Contact Dermatitis

Patch Testing in Children: Not Just Little Adults

Author and Disclosure Information

Allergic contact dermatitis (ACD) is prevalent in children, often with unique allergen sensitivities. Pediatric exposures are not the same as adults and specific patch testing considerations are necessary, including reduced surface area, customized panels, and distraction techniques. Given the unique exposures in children, patch testing with customized panels is recommended

Practice Points

  • Pediatric allergic contact dermatitis (ACD) is common with children having unique product exposures.
  • Children suspected to have ACD should be patch tested with customized panels based on history and exposure.
  • Common pediatric allergens have been identified in personal care products, household products, and recreational gear and toys.



The pediatric population has a unique product exposure profile due to the many care products specifically marketed for use in children. In fact, the prevalence of allergic contact dermatitis (ACD) in children may be as high as 24.5% in the United States.1 In patch tested children, relevant positive reaction rates of 56.7% and 48% have been reported by the North American Contact Dermatitis Group and the Pediatric Contact Dermatitis Registry, respectively.2,3 In this article, we provide an overview of current trends in pediatric patch testing as well as specific considerations in this patient population.

Patch Test Reactions in Children

Several publications have documented pediatric patch test reactions. The North American Contact Dermatitis Group reported patch test results in 883 children from the United States and Canada (2005-2012).2 The most common reactions were nickel (28.1%), cobalt (12.3%), neomycin (7.1%), balsam of Peru (5.7%), lanolin (5.5%), and fragrance mix I (5.2%). When compared to adults, children were more likely to have relevant positive patch tests to nickel, cobalt, and compositae mix.2 In comparison, data from the Pediatric Contact Dermatitis Registry showed that the most common reactions in 1142 children in the United States (2015-2016) were nickel (22%), fragrance mix I (11%), cobalt (9.1%), balsam of Peru (8.4%), neomycin (7.2%), and propylene glycol (6.8%).3

Allergen sensitivities may vary based on geographic region. In Spain, children showed the highest sensitivities to thiomersal (10.2%), cobalt (9.1%), colophony (9.1%), paraphenylenediamine (8.3%), mercury (7.9%), potassium dichromate (7.9%), and nickel (6.4%).4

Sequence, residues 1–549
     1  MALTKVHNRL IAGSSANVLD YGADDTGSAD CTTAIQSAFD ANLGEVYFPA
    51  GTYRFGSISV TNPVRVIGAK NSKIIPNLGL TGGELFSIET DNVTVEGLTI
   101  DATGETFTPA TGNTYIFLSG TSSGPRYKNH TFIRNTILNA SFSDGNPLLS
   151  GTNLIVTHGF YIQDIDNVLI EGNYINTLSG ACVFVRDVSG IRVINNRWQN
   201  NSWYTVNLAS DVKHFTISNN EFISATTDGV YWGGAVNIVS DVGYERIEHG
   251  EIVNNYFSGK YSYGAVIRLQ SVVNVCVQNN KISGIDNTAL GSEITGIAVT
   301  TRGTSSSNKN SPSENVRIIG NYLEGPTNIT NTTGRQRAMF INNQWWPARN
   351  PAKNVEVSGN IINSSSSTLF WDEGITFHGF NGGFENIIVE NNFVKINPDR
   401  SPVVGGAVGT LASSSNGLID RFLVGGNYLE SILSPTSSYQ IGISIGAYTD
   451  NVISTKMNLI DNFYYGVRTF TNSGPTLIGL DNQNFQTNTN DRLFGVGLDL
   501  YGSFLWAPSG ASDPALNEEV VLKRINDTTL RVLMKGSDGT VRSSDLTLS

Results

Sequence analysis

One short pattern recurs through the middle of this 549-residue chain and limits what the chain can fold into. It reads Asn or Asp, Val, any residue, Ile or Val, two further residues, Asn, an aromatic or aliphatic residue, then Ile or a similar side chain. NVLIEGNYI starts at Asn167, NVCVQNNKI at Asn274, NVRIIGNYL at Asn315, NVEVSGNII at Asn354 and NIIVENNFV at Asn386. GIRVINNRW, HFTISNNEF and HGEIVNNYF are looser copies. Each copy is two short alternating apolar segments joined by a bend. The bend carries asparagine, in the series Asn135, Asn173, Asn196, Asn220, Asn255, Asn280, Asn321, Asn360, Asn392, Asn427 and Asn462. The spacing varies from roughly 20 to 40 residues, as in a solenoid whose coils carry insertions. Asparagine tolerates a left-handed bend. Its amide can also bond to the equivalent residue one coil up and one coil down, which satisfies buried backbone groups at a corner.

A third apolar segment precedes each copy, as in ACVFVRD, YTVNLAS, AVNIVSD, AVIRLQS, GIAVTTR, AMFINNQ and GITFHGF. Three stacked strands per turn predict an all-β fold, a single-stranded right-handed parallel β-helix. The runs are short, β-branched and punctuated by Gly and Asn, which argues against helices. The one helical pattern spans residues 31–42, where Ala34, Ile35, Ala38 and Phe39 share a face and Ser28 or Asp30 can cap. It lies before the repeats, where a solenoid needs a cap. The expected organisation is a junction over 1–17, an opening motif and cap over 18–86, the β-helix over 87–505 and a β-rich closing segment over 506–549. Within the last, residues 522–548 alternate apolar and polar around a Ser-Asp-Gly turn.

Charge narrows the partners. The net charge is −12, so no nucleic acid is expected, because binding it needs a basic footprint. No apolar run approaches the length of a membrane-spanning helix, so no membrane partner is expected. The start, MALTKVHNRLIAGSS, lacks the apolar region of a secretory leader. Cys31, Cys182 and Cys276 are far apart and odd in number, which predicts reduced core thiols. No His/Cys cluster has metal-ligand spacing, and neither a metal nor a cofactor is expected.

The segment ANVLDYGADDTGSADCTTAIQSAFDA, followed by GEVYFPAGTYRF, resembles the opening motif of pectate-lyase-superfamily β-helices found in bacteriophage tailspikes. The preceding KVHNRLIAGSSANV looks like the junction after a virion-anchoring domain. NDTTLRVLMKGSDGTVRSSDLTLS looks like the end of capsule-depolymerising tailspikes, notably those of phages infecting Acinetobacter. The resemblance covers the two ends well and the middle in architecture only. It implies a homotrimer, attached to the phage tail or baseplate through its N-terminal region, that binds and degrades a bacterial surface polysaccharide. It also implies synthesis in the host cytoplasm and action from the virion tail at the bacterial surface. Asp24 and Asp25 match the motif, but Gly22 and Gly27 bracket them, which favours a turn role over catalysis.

Pediatric Patch Testing Pearls

History of Product Use
From diapers to drama club, pediatric exposures and sources of ACD are not the same as those seen in adults. Because obtaining a medical history from a toddler can be exasperating, the patient’s caregivers should be asked about potential exposures, ranging from personal care products and diapers to school activities, hobbies, and sports.5,6 It is important to keep in mind that the patient’s primary caregiver may not be the only individual who applies products to the child.7

Application of Allergens
Children are not merely small adults, but they usually do have smaller backs than adult patients. This reduced surface area means that the patch tester must carefully select the allergens to be patch tested. For reference, the back of a typical 6-year-old child can fit 40 to 60 allergens during patch testing.8

Patch Test Chambers
In children, the use of plastic patch test chambers may be preferred over aluminum chambers. Children with persistent pruritic subcutaneous nodules induced by aluminum-based vaccines also may have delayed-type sensitivity reactions to aluminum.9 These patients could react to the aluminum present in some patch test chambers, making interpretation of the results difficult. The authors (A.R.A. and M.R.) typically use plastic chambers in the pediatric population.

Managing Expectations
As with other procedures in the pediatric population, patch testing can elicit emotions of fear, anxiety, and distrust. Video distraction and/or role-playing games may help capture the attention of children and can be particularly helpful during patch application. Children may be apprehensive about the term allergy testing if they are familiar with the term needle testing from previous allergies.5

Securing Patches
Young children can be quite active, posing another challenge for keeping patches in place. We recommend using extra tape to secure the patches in place on a child’s back. In addition, a large transparent film dressing (ie, 12×8 in) can be used if quick application is needed. For extra precaution, the use of a tight T-shirt or favorite onesie during the patch test process may be helpful, making it more difficult for little fingers to remove tape edges.

Duration of Patch Testing
Some authors have proposed application of patch tests for 24 hours in pediatric patients, as compared to 48 hours in adults.10 This recommendation is based on a theory that the reduced application period will decrease the risk for irritant reactions in pediatric patients.


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